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dc.contributor.authorAlves, Daniel F., Jr.
dc.contributor.authorKeith, Edward L.
dc.date.accessioned2016-06-02T17:01:06Z
dc.date.available2016-06-02T17:01:06Z
dc.date.issued1995-11
dc.identifier.issn0884-5123
dc.identifier.issn0074-9079
dc.identifier.urihttp://hdl.handle.net/10150/611611
dc.descriptionInternational Telemetering Conference Proceedings / October 30-November 02, 1995 / Riviera Hotel, Las Vegas, Nevadaen_US
dc.description.abstractThis paper examines the issues involved in replacing the current Range safety infrastructure with an autonomous range safety system based on GPS (Global Positioning Satellite) integrated navigation system solutions. Range safety is required in the first place because current launch vehicle navigation systems cannot meet a level of trust needed to determine if the mission is really under control and on course. Existing launch vehicle navigation is generally based on attitude and acceleration sensing instrumentation that are subject to drift, initialization errors and failures. Thus, a launch vehicle can easily be under the control of a seemingly operating navigation system, yet be steering the launch vehicle along an incorrect and dangerous flight path. Inertial-based navigation systems are good, but they cannot be trusted. The function of Range safety is to assure that untrustworthy navigation is backed up with a trusted system that has positive knowledge of the launch vehicle location, and the intelligence to decide when and where a launch vehicle must be destroyed. Combining inertial navigation, GPS derived position information and knowledge-based computer control has the potential to provide trusted and autonomous Range safety functions. The issues of autonomous Range safety are addressed in this paper.
dc.description.sponsorshipInternational Foundation for Telemeteringen
dc.language.isoen_USen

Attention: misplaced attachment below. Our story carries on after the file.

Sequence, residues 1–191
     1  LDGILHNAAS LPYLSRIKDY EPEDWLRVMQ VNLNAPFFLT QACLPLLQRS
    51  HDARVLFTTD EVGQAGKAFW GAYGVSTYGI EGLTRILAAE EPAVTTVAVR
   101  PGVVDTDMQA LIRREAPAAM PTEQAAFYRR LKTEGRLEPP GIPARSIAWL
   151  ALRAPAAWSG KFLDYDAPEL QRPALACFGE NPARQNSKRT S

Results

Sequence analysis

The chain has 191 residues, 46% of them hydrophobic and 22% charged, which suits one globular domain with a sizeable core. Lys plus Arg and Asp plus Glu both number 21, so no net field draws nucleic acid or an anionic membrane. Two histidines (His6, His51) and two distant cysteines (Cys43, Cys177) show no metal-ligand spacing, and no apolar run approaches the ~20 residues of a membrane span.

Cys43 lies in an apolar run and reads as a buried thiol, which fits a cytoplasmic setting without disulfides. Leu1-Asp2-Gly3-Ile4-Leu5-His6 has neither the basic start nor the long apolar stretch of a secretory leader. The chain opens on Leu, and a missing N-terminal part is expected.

dc.publisherInternational Foundation for Telemeteringen
dc.relation.urlhttp://www.telemetry.org/en
dc.rightsCopyright © International Foundation for Telemeteringen
dc.subjectAutonomous Onboard Destruct Systemen
dc.subjectRange safetyen
dc.subjectGlobal Positioning Systemen
dc.subjectGPSen
dc.subjectTrusted autonomous Range safetyen
dc.subjectRange instrumentationen
dc.subjectlaunch operationsen
dc.titleA GPS-Based Autonomous Onboard Destruct Systemen_US
dc.typetexten
dc.typeProceedingsen
dc.contributor.departmentAlpha Instrumentation and Information Managementen
dc.contributor.departmentMicrocosm Inc.en
dc.identifier.journalInternational Telemetering Conference Proceedingsen
dc.description.collectioninformationProceedings from the International Telemetering Conference are made available by the International Foundation for Telemetering and the University of Arizona Libraries. Visit http://www.telemetry.org/index.php/contact-us if you have questions about items in this collection.en
refterms.dateFOA2018-06-14T16:03:13Z
html.description.abstractThis paper examines the issues involved in replacing the current Range safety infrastructure with an autonomous range safety system based on GPS (Global Positioning Satellite) integrated navigation system solutions. Range safety is required in the first place because current launch vehicle navigation systems cannot meet a level of trust needed to determine if the mission is really under control and on course. Existing launch vehicle navigation is generally based on attitude and acceleration sensing instrumentation that are subject to drift, initialization errors and failures. Thus, a launch vehicle can easily be under the control of a seemingly operating navigation system, yet be steering the launch vehicle along an incorrect and dangerous flight path. Inertial-based navigation systems are good, but they cannot be trusted. The function of Range safety is to assure that untrustworthy navigation is backed up with a trusted system that has positive knowledge of the launch vehicle location, and the intelligence to decide when and where a launch vehicle must be destroyed. Combining inertial navigation, GPS derived position information and knowledge-based computer control has the potential to provide trusted and autonomous Range safety functions. The issues of autonomous Range safety are addressed in this paper.


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